What festivals do you have in October abroad?
Sep 25, 2018
Festival is full of festive and joyful. Autumn and October around the world is full of different landscapes, the same with a variety of national culture, resulting in a variety of national or regional characteristics of the festival. Then, what festivals are there in foreign countries in October?
Pumpkin day in North America
Pumpkin Festival in North America is also a festival for children. As a traditional festival in North American countries, Pumpkin Festival is held every October 31st. On this day, people make colorful pumpkin lanterns, taste a variety of pumpkin pastries, and hold a pumpkin king's competition. People in the city used large containers to transport Pumpkins from far away places, hollowed them out for pumpkin lanterns, and tried to break the Guinness World Record for pumpkin lanterns.
In the fairy tale world, pumpkin seeds also play a magical role. It will make your dreams come true. It is said that on those days at the end of the month, prepare a fresh pumpkin, dig out pumpkin seeds, wash them and dry them on the windowsill. For three consecutive nights, pray for my magic power, and give me the most beautiful pair of crystal shoes. On the first day of February, wrap the pumpkin seeds in clean white paper, write your wishes on paper, bury them in the garden, and at night when you fall asleep, a pair of crystal shoes will appear in your dreams.
One of the most famous high festivals in Germany and even Europe is Munich's cultural card. Millions of people pour into Munich at this time of year, with tents and recreational facilities built on the outskirts of the city's lawns, and locals wearing traditional Bavarian clothes. In essence, the drinking conference and Carnival completely subvert the stereotype of the Germans. The last week of September is the first Sunday in October. Besides Munich, Stuttgart's Beer Festival is also very famous.
From October 31st to October 31st, the whole nation celebrates "the festival of souls" (also called "the dead man's Day"). This festival in Mexico is not only similar to the Western Halloween, but also different. It shows strong national cultural characteristics of Indian.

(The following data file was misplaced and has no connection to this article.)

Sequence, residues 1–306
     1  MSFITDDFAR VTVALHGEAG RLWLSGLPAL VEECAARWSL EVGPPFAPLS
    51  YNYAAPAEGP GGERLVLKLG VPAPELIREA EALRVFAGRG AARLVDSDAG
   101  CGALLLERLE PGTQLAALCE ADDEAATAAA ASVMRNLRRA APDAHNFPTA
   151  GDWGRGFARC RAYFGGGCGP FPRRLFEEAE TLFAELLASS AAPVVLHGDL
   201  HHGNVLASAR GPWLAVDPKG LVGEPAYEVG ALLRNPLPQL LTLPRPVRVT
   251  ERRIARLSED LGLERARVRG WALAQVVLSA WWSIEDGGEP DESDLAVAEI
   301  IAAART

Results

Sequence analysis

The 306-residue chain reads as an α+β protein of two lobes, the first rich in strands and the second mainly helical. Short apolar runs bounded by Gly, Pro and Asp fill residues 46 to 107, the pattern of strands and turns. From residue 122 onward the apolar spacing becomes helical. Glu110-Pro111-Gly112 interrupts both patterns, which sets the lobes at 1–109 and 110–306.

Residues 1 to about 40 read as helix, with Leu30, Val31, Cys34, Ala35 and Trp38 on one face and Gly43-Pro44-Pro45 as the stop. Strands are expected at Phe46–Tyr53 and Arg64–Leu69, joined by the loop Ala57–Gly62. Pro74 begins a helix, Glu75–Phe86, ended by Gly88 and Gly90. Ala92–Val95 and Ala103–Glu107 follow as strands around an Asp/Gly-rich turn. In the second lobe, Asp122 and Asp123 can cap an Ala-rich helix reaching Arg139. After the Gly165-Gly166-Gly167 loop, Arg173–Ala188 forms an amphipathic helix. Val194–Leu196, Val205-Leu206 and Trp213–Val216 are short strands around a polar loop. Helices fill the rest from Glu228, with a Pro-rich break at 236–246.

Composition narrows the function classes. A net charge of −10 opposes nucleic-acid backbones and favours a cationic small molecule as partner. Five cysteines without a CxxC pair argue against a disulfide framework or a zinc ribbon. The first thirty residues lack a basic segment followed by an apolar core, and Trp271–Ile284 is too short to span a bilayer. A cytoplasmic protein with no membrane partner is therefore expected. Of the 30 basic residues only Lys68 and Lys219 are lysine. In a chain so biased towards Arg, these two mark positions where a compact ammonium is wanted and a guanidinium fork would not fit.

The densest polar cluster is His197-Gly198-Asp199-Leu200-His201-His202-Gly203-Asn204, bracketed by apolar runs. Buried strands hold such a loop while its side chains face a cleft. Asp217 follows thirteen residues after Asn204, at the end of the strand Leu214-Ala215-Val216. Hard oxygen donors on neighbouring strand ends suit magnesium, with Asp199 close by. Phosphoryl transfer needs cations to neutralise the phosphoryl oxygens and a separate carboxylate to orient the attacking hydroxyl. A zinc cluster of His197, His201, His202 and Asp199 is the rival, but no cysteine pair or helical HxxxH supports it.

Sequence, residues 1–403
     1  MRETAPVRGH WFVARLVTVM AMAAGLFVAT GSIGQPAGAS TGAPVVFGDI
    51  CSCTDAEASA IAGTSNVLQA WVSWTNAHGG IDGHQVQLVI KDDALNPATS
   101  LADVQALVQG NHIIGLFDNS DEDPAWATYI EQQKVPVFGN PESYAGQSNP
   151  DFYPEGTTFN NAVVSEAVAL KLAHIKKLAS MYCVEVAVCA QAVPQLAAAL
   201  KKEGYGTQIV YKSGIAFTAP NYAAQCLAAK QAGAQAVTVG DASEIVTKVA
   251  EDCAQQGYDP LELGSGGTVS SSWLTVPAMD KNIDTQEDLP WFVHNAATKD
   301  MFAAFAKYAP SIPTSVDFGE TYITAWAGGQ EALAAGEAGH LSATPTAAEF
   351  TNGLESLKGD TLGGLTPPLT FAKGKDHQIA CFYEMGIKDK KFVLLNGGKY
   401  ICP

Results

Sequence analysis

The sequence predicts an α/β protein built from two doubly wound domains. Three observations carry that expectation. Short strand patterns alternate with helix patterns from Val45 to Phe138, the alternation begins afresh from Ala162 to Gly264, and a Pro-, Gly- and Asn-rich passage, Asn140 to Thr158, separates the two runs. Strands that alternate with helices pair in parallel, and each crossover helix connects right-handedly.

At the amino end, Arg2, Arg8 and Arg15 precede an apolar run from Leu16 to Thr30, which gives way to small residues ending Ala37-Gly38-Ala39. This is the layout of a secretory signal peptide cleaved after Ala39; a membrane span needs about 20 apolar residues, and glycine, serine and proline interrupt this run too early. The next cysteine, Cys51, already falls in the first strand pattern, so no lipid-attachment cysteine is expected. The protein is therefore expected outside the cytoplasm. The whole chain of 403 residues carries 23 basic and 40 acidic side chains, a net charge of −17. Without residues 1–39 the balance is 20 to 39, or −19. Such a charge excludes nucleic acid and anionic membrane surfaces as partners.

Yellow petals were sprinkled on the graveyard's way to villages or towns, allowing the dead to follow the fragrant path. In the evening, pumpkin lanterns are lit at the doorway to guide the dead to their doors, and on the altar are offerings of corn soup, chocolate, bread, zongzi, hot sauce, pumpkin, sweets and desserts for the dead to enjoy. The bread on the altar of the ghost festival is different from that of ordinary bread. Different shapes have different meanings. Some are made into "human" shapes, some "human" shapes without "legs" to indicate "ghosts"; spiral bread called "Roscott" to indicate the cycle of life; and bread "Ohaldeira" shaped like a thousand layers of cake and decorated with "decorations" to welcome the return of the dead. During the festival, men, women, old and young, can wear masks, wear ghost clothes with white bones, waving across the street, indicating the return of the dead.
Columbus Day, also known as Columbia Day, is a festival in some American countries on October 12 every year to commemorate Christopher Columbus's landing in North America as a federal holiday in the United States. Columbus Day is the second Monday of October 12 or October to commemorate Columbus's first landing on the American continent in 1492.
Columbo day was first commemorated by the United States in 1792. It was the 300th anniversary of Columbus's arrival in the Americas that the Tanmuni Association of New York City sponsored the commemoration. In 1893, Chicago held the Columbo exhibition and held a grand commemorative event again. Since then, on this day of the year, most states in the United States have held celebration parades, church services and school activities to commemorate this historic day.
Canada is the second Monday in October, while in the United States it is the third Thursday in November. The usual customs are roast turkey, baked sweet potato and baked papaya pie. Canada's celebration day usually comes from Britain's harvest day. The American celebration dates back to 1621, in a Plymouth colony, to commemorate the first harvest after a severe famine that winter. Turkeys are meant to commemorate the famine of these new immigrants during Thanksgiving, only to find the plight of four turkeys.